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Pacific Aerosystem Announces Disabled Pilot Option On Sky Arrow LSA

Sidestick Controls Rudder Inputs; Can Be Removed For Conventional Ops

One reason the 40s-vintage Ercoupe remains a popular aircraft today -- especially in the sport-pilot category -- is its lack of rudder pedals. In addition to making flying simpler for all pilots, the rudderless set-up allows disabled pilots, who don't have use of their legs and feet, to operate the aircraft.

Pacific Aerosystem Inc. is keeping the needs of disabled pilots in mind. On Monday, company representatives told ANN the company will now offer its Disabled Pilot Option on its Sky Arrow 600 light sport aircraft.

The SLSA-certified Sky Arrow, manufactured by Iniziative Industriali Italiane (3I) in Italy, follows the FAA Part 23-certified Sky Arrow 650 TCNS in offering an option for pilots who cannot operate rudder pedals with their feet.

Unlike an Ercoupe -- in which rudder inputs are connected to the control wheel, intended to prevent pilots from cross-controlling the airplane -- the Sky Arrow setup still gives disabled pilots full rudder authority. The system uses a left-side control stick to apply yaw input, and also incorporates a throttle control -- thus giving pilots with only the use of their hands full control of the plane.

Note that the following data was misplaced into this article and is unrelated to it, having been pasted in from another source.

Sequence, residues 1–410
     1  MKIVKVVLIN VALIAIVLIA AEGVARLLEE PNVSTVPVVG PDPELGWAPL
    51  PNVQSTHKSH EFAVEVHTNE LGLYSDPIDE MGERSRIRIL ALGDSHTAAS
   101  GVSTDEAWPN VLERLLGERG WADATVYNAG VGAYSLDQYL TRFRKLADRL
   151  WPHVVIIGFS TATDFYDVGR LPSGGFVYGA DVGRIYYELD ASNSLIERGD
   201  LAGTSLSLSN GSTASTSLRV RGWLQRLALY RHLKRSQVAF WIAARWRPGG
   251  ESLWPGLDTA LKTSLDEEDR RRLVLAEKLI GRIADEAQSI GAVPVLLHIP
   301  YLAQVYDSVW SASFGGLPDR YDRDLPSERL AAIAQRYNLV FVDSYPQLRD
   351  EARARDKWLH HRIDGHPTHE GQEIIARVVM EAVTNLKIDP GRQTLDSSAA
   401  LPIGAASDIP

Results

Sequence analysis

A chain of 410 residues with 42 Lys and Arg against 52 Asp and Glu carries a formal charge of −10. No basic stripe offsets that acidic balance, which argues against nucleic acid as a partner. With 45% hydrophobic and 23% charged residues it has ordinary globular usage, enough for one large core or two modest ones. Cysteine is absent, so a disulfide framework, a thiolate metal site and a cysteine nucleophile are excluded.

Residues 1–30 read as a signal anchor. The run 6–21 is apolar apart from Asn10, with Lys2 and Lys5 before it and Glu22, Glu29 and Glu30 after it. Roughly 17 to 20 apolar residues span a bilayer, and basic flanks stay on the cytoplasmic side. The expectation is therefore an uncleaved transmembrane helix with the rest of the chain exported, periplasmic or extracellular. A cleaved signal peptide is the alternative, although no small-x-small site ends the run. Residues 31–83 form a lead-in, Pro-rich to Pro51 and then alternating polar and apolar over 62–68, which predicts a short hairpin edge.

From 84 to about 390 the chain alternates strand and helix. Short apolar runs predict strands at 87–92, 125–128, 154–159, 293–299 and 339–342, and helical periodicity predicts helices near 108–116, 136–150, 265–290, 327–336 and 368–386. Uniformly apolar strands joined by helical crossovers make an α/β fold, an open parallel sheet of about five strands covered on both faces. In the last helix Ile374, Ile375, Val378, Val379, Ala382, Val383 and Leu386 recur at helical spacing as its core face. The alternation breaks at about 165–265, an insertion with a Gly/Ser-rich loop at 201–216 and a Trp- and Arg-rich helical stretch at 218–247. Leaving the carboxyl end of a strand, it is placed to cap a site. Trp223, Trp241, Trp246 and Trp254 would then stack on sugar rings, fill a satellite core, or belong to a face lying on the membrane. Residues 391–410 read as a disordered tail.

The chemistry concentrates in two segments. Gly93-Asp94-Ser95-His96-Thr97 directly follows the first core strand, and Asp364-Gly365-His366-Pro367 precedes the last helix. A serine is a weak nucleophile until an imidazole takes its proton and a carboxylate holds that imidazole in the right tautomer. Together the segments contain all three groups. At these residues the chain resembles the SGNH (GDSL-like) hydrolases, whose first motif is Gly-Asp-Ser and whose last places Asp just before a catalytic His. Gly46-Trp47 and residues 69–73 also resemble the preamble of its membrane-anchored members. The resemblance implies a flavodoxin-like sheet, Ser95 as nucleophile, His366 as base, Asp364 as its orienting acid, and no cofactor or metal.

The standard right side-stick controls pitch and bank, and also has buttons for electric rudder and elevator trim as well as radio push to talk. The brake levers are also controlled by the right hand, just as on the conventional Sky Arrow.

The first US Sky Arrow 600 with the Disabled Pilot option received its airworthiness certificate on May 23, 2006, and the company will use the plane to demonstrate those features for prospective buyers.

The left sidestick can be quickly removed for easy entry. When it is removed from the plane, the conventional rudder pedals are fully operational.

FMI: www.skyarrowusa.com

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